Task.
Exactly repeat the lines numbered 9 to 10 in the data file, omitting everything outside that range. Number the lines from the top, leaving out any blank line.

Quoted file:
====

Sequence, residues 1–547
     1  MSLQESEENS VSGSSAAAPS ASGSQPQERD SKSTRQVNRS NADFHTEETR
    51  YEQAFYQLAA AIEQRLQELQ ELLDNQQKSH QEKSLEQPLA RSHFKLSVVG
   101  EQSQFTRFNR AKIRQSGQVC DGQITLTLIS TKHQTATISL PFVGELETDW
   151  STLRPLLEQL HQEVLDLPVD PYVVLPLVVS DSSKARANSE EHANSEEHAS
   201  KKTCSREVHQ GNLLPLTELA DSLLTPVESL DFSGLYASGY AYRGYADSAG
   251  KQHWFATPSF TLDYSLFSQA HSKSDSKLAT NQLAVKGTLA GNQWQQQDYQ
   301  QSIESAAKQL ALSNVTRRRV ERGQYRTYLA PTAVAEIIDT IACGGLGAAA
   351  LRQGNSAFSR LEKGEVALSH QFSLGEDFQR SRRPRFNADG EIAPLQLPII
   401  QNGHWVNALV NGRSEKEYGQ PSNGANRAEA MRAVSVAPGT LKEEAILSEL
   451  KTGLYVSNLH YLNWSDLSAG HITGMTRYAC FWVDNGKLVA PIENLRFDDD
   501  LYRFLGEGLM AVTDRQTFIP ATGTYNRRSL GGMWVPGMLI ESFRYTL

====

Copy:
   351  LRQGNSAFSR LEKGEVALSH QFSLGEDFQR SRRPRFNADG EIAPLQLPII
   401  QNGHWVNALV NGRSEKEYGQ PSNGANRAEA MRAVSVAPGT LKEEAILSEL